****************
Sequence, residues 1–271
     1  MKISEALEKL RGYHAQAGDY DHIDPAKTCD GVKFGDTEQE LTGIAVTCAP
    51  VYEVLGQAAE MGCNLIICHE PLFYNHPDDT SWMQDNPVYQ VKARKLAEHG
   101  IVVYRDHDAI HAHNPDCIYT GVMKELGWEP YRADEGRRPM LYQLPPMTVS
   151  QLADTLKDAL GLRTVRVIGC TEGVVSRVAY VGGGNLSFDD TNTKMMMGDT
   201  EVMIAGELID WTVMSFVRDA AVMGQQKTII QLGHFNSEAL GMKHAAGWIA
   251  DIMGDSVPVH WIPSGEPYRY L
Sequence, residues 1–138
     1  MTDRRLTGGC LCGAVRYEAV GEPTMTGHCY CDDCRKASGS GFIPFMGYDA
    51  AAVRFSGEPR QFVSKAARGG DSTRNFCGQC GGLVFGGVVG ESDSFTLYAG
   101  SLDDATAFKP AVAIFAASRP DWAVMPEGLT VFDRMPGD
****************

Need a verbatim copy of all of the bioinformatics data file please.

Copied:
Sequence, residues 1–271
     1  MKISEALEKL RGYHAQAGDY DHIDPAKTCD GVKFGDTEQE LTGIAVTCAP
    51  VYEVLGQAAE MGCNLIICHE PLFYNHPDDT SWMQDNPVYQ VKARKLAEHG
   101  IVVYRDHDAI HAHNPDCIYT GVMKELGWEP YRADEGRRPM LYQLPPMTVS
   151  QLADTLKDAL GLRTVRVIGC TEGVVSRVAY VGGGNLSFDD TNTKMMMGDT
   201  EVMIAGELID WTVMSFVRDA AVMGQQKTII QLGHFNSEAL GMKHAAGWIA
   251  DIMGDSVPVH WIPSGEPYRY L
Sequence, residues 1–138
     1  MTDRRLTGGC LCGAVRYEAV GEPTMTGHCY CDDCRKASGS GFIPFMGYDA
    51  AAVRFSGEPR QFVSKAARGG DSTRNFCGQC GGLVFGGVVG ESDSFTLYAG
   101  SLDDATAFKP AVAIFAASRP DWAVMPEGLT VFDRMPGD